How To Be Productive When You Are Depressed

Depression is a strange state where everything seems dark and negative. It’s as if doom itself pulls you into despair and the dark cloud of negativity treats you with an uncomfortable closeness that you would only expect from a loved one.
The worst thing about depression is the inability to live the way you want to live and the difficulty in moving and thinking the way you want to.
In dealing with depression, I have identified two major hacks that can help you to be active and manage your condition to some degree, every day. The two major areas of productivity are what you do and what you think

What You Think – Mirror Everything, Then Dispose of It

For some reason, everything you can think about while being depressed is the negative side of things. You see only the bad outcomes of your current situation but never the positive aspects. I think that trying to force yourself to be positive is often a chore and uses a lot of willpower which could be put to better use for physical activities and exercise.
Instead of trying to “drown out the negative with the positive”, just do the following:
  1. Notice that you are seeing only the negative in a given situation
  2. Take a blank piece of paper and write the name of your situation in the middle (can also be a drawing)
  3. Make a map or list which illustrates the positive progression from where you are now to a better point. E.g., instead of thinking about losing your job, you make a concrete list of steps which allow you to keep your job. Make sure that the steps are simple, minimalistic and feasible. The finished “map” should look like the life you want to live.
  4. Forget about both the positive and the negative.
  5. Whenever the negative comes up: Blend it out, knowing with perfect confidence that you have taken care of the core issues. You do not need to worry anymore because you now have the map. Instead of trying to be positive, you just ignore the negative. Treat it like an annoying neighbor who you are ignoring entirely no matter how loud he screams.

What You Do – Batch Everything, Then Forget About It

As we all know, acting when depressed is the hardest thing to do. We are on autopilot to hell and any action which could prevent this seems impossible to uphold. Exercise and lifestyle changes are the most effective depression treatments but its the one thing that is too hard to do because it requires action and motivation.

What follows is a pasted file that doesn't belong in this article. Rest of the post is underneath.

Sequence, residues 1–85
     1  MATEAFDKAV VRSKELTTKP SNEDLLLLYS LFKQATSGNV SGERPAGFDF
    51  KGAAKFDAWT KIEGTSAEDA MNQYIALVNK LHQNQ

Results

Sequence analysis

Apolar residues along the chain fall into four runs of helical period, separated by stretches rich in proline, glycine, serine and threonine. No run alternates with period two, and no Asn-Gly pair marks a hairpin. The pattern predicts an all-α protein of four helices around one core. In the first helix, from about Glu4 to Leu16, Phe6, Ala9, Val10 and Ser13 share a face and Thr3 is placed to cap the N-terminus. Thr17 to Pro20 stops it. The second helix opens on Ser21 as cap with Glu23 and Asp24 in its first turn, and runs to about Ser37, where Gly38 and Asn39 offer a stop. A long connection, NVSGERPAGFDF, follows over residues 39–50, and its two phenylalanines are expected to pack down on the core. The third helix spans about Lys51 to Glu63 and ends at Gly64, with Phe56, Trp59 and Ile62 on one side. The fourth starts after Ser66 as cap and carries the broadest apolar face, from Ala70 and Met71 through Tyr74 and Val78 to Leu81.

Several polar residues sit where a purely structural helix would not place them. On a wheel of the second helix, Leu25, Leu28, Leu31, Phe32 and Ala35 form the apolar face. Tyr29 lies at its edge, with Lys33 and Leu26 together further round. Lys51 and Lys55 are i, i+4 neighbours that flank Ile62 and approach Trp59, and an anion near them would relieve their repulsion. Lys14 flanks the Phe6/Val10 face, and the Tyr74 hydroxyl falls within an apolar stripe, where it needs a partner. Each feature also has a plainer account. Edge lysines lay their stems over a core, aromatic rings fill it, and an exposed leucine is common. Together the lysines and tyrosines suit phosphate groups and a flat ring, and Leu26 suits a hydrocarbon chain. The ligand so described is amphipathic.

The “map” you have created above will be important in this section because if you do not act, nothing will change. Here is a technique that I frequently use: Batch Everything
  1. Choose a task that needs to be done (can be from the “map” above)
  2. Allocate a certain time for a “work session”. This does not need to fully complete the task but can be a reasonable fragment. E.g., the complete task takes 5 hours but a single “work session” is only 30 min.
  3. Start a timer and work for 30 min on that project. During the 30 min, you have the timer in your visual field so you know that it will end soon. You also do not commit to doing another 30 min afterward. You just commit to the current 30 min. No distractions and no excuses.
  4. Once you are done, you can do whatever! You can slump on the couch, watch TV, etc. If you feel ready, do another 30 min. The more “work sessions” you can do in a day, the better your life will become.
This technique is much more valuable then it seems. The problem with depression is that you do not see the value in doing anything. “I could, but I don’t want to.” You are unable to see the bigger picture or rather the value in it.
With batching, you take away the “why you do it” and only think about the “how you do it”. The bigger picture becomes irrelevant because you are focused on the next work session with no regard as to what it’s for. 
You can batch exercise as well. If the goal is 40 sit-ups then you batch them as 10-each. If the goal is to wash the dishes then you can pick 10 items per session.
The key is that the single batch (30 min or 10 sit-ups or 10 dishes) stands on its own and the completion of the whole task is irrelevant. You only need to commit to the batch even if you never complete the task. The complete task is irrelevant.
And don’t forget: You have all the time in the world if you start with the first batch in the morning. Maybe you can even manage to complete 7 or 8 work sessions in one day!

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